|Town/Region||Satchari National Park|
|Date||9 Feb 2010|
Although tropical forests cover less than 10% of land area, they support the largest terrestrial biodiversity reservoir from the gene to habitat level. However, we know surprisingly little to nothing about the drivers and patterns of biodiversity at landscape to regional spatial scales for many habitats in the tropics. The biodiversity in the tropics is mainly threatened by land use changes and anthropogenic disturbances. They have the impact on biota which is a part of the legacy of the development of biodiversity and ecosystems in many tropical countries.
Due to its unique geo-physical location, the forests of Bangladesh are exceptionally rich in biological diversity. The country has 2.53 million hectares of forest, covering 17.49% of its total landmass. The natural hill forests of Bangladesh are characterized by a large diversity of plant species. An estimated 5 700 species of angiosperms alone, including 68 woody legumes, 130 fibre yielding plants, 500 medicinal plants and 29 orchids, are found in the forests of Bangladesh.
Bangladesh is one of the highest populated countries in the world (1099.3 people km-2). Like other tropical forests, due to high population density, Bangladesh forest ecosystems are experiencing acute threat from rapid land use changes and anthropogenic disturbances. Despite this, only little is known about the consequences of ongoing land use changes and human-induced activities on forest biodiversity in Bangladesh. However, former biodiversity work has been focused on indexing species, diversity of homestead forests, etc. So far, very few attempts have been made to analyse the patterns of plant species diversity in this human dominated landscape, especially with respect to land use changes and anthropogenic disturbances. This is the first geoecological endeavor in Bangladesh forest ecosystems especially from hill forests exploring the effects of land use changes and anthropogenic disturbances on biodiversity.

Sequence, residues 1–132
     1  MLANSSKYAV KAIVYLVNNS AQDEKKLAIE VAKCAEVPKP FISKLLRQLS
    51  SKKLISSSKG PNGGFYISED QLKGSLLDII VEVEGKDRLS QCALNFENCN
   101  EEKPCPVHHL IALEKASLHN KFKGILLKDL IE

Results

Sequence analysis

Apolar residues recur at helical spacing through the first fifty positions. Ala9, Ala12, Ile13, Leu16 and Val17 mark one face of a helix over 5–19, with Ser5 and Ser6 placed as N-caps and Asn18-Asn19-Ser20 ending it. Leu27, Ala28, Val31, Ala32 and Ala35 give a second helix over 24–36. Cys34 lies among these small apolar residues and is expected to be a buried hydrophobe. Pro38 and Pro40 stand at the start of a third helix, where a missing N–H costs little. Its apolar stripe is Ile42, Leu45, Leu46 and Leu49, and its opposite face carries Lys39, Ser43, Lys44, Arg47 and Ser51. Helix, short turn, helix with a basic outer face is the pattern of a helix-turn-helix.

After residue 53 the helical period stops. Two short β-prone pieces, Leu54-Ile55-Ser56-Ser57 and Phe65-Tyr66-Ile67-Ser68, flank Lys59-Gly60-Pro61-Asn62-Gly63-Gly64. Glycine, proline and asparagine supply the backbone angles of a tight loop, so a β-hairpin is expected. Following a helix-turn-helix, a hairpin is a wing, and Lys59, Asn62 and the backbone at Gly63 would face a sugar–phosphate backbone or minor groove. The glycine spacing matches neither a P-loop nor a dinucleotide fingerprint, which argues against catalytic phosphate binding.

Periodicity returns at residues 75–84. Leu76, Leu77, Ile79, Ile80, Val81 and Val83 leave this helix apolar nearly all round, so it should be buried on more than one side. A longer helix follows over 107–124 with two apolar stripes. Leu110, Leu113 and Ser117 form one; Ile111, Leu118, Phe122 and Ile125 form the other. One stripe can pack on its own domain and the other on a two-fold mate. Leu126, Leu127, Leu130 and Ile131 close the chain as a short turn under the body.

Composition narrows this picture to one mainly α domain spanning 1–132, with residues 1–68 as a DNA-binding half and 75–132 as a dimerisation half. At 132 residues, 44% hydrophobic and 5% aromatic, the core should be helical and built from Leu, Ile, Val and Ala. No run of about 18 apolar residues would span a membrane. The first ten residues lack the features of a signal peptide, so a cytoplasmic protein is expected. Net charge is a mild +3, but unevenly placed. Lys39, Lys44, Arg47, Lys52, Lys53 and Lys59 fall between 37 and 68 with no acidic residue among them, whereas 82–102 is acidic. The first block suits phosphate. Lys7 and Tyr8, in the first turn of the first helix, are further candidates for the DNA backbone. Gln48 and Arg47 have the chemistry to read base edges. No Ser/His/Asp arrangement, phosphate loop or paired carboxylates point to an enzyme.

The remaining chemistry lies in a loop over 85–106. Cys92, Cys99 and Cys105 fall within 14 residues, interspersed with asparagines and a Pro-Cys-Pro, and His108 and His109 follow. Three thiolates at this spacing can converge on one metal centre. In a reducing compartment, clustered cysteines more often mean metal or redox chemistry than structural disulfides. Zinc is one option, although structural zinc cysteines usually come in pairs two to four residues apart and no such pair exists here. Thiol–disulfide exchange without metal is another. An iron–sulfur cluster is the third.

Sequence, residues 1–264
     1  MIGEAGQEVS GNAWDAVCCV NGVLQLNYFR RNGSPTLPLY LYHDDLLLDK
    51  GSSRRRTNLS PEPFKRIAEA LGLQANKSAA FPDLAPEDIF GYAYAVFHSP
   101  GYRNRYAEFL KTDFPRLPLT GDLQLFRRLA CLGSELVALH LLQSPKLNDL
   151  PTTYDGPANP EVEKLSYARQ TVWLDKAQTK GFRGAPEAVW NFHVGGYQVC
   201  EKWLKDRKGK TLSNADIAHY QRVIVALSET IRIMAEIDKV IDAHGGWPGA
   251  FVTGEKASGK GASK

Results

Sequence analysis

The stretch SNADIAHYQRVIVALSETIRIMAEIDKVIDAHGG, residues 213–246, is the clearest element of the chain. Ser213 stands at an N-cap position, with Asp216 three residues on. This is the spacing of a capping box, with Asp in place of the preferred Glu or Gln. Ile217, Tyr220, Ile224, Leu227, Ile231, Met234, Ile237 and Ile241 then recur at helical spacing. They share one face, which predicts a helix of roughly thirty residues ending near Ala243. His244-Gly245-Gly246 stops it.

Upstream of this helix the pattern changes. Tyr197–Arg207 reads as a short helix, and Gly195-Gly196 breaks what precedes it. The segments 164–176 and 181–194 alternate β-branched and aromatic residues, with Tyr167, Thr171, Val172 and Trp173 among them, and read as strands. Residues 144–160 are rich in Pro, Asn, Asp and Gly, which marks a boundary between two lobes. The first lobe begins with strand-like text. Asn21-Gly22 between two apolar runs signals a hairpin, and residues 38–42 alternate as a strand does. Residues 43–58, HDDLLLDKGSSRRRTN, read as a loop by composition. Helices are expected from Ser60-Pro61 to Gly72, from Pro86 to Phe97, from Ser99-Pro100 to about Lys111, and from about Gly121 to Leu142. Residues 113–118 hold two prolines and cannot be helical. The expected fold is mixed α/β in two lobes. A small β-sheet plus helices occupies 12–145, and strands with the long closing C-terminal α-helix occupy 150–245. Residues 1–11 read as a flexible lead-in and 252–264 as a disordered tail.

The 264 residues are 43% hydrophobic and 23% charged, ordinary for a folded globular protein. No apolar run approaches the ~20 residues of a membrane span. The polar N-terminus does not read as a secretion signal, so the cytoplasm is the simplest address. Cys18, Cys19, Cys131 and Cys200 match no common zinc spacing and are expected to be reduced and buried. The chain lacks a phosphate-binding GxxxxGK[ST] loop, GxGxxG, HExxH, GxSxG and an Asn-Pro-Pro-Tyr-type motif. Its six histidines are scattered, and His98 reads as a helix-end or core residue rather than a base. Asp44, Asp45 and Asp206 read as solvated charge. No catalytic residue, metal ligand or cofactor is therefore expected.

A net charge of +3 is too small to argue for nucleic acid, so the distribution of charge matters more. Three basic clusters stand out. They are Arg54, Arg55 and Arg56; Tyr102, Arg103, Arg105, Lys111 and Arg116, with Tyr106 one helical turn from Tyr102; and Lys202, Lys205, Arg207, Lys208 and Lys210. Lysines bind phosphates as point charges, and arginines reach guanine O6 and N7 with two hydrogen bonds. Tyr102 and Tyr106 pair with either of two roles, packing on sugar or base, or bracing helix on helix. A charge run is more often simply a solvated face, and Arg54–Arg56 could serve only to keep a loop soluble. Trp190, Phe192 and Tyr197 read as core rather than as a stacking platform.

This project is addressing these issues in protected areas of Bangladesh where spatially explicit examinations of biodiversity patterns as well as disturbance effects are rare or almost lacking as in many tropical countries. Besides, protected areas (PAs) are the most widely used and best-tested way of protecting biodiversity. However, especially there we do urgently need precise and quantitative data which will help forest managers, planners and policy makers to design a biodiversity and natural resource conservation plan that will minimize the pressure on forests, ensures peoples need, optimize biodiversity and nature conservation. This project will conduct this study in one of the north-eastern protected areas of Bangladesh.
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